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Connie Stevenson

Philosophy of Teaching
Listen and Grow Together

I have observed that in order to teach a child you must understand that child's individual

needs and mindset. This covers an array of differences in each student including learning

disabilities, ethnicities, cultures, disorders, and economic diversity. So how do we get there?

How do we perceive how a child's mind works or how they learn? I have found the best way to

do this is by listening.

As teachers, we are looking for results. If a student hasn't learned, then we haven't taught

anything I was once told and it's a fact. Results come from students that are interested in what

you are throwing at them. If a child is not interested, they won't listen as well and they will not

absorb the lesson as well. If you can make or keep a child interested that is a huge

accomplishment and part of what makes a good teacher a good teacher. By listening to each

student, we can approach each area of learning by keeping what gets them interested in mind.

Capturing their attention is the first step. You can get the attention of the whole classroom or if

working with an individual as you do in special education if they feel like you are interested in

getting to know them and what they care about.

However, that does not mean that it is on their terms or student based teaching. You are

teaching them content they need to learn, you are just putting a creative spin on it to make it

interesting. The whole process is teacher based and student based. I don't believe it has to be

either or. You are growing together as a student and a teacher. Don't give up. Never give up on

them. This is something we have to do with haste. We have a time stamp on everyday and are

required to get them to a level they will be tested on. Teachers have to be really fast at making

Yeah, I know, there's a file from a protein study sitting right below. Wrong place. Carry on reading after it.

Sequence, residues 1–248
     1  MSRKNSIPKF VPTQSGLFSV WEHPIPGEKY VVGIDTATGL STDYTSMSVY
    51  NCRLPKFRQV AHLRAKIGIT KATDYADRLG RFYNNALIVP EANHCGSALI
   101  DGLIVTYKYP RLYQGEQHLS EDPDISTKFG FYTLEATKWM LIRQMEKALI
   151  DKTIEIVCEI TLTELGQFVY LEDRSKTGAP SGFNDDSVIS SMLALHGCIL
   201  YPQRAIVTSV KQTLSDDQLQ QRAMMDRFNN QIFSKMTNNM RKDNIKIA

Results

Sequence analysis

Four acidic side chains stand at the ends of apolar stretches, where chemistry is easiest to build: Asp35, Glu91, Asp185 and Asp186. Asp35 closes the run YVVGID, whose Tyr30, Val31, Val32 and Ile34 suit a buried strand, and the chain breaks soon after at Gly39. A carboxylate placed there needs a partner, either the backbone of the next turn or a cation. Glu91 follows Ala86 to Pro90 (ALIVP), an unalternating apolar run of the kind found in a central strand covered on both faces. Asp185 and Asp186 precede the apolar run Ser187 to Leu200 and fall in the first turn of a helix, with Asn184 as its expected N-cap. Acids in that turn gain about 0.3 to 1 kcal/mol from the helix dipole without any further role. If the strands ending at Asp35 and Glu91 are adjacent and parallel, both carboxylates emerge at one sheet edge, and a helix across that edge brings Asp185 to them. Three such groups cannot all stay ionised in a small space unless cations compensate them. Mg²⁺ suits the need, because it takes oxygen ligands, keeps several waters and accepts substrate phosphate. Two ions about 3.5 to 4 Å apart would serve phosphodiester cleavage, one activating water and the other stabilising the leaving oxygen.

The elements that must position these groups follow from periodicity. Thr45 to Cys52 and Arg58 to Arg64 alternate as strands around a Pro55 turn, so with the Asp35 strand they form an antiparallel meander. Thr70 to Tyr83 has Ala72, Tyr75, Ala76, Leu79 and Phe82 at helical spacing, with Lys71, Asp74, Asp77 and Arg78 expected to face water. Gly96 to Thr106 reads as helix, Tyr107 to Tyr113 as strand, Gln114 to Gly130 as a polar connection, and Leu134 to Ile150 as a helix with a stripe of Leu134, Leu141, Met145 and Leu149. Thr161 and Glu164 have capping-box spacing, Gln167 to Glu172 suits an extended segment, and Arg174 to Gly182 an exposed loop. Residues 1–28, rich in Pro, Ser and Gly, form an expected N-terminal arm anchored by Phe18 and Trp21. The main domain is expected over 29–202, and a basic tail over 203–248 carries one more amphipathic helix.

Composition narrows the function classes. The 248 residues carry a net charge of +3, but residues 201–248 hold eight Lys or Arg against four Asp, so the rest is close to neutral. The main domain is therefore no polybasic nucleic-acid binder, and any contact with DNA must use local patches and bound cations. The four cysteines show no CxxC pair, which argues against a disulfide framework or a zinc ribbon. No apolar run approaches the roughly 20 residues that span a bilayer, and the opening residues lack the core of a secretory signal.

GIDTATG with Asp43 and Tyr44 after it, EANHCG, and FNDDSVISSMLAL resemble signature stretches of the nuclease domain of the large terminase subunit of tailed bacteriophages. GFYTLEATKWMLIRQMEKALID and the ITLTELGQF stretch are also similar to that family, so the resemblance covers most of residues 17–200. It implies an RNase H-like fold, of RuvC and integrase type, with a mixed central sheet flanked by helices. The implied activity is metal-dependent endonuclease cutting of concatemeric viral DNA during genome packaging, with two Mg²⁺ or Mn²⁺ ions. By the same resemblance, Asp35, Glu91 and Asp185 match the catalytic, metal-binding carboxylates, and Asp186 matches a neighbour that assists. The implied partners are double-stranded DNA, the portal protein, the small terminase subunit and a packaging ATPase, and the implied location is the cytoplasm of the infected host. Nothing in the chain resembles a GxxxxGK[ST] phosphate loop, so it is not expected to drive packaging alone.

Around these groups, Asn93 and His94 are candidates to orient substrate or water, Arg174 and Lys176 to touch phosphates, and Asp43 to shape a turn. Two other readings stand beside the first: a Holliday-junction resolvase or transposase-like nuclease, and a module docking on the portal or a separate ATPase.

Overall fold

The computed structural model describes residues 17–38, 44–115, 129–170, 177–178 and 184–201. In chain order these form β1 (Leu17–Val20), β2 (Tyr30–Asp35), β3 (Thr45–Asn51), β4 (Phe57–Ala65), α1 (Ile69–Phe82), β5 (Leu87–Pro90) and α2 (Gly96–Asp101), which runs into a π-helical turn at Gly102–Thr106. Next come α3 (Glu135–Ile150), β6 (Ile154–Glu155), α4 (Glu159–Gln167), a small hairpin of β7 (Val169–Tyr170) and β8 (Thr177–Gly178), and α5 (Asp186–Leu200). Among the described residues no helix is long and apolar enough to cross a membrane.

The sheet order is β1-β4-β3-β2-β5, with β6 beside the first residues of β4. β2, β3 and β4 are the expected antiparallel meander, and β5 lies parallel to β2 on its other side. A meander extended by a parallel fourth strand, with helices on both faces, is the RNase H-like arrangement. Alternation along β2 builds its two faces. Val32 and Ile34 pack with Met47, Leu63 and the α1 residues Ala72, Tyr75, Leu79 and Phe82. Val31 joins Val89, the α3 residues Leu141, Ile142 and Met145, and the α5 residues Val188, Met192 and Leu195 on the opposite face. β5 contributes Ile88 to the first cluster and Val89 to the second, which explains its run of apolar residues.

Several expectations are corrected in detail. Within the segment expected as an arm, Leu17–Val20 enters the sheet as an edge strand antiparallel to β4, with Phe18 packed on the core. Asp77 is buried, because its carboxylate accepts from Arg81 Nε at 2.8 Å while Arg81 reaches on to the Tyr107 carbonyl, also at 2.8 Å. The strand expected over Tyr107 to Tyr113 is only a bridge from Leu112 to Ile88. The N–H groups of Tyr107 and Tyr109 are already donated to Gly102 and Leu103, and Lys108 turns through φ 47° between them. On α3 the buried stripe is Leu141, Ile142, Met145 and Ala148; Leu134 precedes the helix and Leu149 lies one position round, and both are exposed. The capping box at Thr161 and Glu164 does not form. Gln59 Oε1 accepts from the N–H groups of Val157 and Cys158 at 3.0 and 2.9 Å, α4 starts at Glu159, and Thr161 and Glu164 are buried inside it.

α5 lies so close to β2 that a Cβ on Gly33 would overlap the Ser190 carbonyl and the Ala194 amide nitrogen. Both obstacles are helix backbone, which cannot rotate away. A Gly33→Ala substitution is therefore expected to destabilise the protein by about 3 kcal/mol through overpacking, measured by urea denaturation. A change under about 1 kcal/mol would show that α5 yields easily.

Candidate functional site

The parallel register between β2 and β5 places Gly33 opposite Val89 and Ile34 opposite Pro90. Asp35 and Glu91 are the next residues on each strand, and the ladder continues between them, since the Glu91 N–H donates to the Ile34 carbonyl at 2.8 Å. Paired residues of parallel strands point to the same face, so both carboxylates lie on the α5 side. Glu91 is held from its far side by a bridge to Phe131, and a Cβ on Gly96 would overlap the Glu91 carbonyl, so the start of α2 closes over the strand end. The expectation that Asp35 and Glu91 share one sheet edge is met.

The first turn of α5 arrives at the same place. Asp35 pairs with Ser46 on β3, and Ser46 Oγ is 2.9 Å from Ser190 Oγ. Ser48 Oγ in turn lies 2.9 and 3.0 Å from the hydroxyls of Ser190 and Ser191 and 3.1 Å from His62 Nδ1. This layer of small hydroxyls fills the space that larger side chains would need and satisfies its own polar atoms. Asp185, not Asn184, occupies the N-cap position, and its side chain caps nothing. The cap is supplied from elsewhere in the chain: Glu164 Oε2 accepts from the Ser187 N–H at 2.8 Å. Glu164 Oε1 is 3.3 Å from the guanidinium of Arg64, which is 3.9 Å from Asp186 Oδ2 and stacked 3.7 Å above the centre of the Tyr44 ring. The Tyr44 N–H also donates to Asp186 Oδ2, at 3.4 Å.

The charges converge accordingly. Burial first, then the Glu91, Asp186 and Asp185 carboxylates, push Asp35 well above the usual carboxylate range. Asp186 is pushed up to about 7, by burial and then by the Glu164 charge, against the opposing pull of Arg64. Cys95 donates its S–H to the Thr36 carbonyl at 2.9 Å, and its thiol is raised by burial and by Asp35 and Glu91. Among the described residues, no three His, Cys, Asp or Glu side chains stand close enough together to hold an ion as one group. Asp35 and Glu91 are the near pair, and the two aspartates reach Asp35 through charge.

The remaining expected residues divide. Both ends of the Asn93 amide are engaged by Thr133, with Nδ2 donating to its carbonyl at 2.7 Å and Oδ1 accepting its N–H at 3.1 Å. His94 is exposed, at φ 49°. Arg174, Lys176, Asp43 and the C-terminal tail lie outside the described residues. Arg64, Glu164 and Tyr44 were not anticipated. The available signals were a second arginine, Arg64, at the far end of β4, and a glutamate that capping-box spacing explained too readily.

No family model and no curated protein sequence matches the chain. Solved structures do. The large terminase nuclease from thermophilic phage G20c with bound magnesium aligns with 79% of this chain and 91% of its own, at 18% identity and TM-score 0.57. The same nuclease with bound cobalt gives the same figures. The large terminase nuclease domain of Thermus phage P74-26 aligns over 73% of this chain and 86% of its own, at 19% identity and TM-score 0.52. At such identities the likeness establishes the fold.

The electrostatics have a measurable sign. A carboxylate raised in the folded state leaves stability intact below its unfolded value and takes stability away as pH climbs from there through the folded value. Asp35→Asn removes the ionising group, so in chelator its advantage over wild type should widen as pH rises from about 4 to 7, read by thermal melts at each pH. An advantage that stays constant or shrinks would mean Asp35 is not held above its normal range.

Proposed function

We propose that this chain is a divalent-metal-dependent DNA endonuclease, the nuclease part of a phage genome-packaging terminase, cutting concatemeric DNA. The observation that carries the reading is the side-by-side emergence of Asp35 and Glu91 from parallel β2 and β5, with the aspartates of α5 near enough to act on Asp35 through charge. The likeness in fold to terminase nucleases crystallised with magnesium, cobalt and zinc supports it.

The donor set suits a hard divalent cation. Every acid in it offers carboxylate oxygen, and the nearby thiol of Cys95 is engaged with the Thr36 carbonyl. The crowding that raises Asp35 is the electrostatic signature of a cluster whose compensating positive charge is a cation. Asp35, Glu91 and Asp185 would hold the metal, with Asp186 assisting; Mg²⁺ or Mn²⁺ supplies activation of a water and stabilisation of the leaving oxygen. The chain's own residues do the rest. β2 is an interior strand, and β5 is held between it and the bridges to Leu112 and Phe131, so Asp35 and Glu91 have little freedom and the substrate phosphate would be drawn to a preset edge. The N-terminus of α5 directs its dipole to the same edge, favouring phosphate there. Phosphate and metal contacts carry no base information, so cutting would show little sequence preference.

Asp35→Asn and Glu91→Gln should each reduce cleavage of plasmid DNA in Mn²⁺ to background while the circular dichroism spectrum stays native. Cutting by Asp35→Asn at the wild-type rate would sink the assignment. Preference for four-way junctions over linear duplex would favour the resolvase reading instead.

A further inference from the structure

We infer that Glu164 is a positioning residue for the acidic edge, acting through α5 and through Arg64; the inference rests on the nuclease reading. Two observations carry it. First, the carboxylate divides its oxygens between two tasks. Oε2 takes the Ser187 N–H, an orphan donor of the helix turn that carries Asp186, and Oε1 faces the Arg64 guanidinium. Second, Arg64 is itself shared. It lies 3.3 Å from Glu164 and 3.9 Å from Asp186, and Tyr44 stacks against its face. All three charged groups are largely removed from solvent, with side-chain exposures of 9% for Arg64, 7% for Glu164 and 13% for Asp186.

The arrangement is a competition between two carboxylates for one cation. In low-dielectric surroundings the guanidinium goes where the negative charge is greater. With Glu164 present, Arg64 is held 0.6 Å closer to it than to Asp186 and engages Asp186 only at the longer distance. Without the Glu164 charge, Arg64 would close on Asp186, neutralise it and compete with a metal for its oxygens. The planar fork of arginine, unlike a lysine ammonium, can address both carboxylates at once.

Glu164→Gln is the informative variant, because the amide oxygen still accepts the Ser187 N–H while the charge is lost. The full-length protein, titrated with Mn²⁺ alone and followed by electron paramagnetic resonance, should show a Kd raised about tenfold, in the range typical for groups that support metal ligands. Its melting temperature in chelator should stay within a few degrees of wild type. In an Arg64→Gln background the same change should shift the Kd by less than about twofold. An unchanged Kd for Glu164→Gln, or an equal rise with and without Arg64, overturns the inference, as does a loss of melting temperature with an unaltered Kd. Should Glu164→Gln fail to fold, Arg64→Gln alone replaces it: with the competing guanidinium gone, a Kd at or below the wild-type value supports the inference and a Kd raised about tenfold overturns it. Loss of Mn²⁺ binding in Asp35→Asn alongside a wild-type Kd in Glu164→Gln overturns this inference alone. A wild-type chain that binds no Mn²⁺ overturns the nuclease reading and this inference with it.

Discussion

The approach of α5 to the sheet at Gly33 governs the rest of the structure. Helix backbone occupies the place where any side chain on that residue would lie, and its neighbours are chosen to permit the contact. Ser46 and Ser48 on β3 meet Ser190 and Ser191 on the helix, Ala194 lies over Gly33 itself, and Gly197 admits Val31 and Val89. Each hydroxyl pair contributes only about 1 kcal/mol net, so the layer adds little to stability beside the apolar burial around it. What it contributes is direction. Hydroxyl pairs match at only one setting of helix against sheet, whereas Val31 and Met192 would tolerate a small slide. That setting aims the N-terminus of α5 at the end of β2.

decisions to get the results they need. So we must listen to everything from their eye rolls, to

their sighs, what makes them excited, what they dread doing, to carrots. Carrots are rewards that

particular child looks to. I know Sally loves unicorns and has been struggling to get to the next

level on her AR testing. She doesn't understand why I am making her read so much but once I

put a book in front of her about unicorns at the 1.8 AR level she was needing she learned those

hard words. That is just an example. Also, after giving students the time and attention it's a lot

easier to say "ok class, I listened to all of you, now it's my turn." I firmly believe that reading

and writing are the most essential and then technology. If a child can read he/she can teach

themselves to do anything. I also want to add to set the example for the student. Let them see

you learn something new all the time and smile and be excited to learn, that will set the tone for

them. Learning is fun, it's what we want to do, and it's necessary. Your heart must be in it! Little

minds are a fragile thing.

I want to teach because I love seeing a child's face light up when they've learned

something new. If you can impart wisdom and do it with grace, you are making the word a better

place. Also, I remember every single teacher that I ever had and how each one made me feel. I

still look up and get encouragement from several of them. I think I can use that to my advantage

in helping others learn.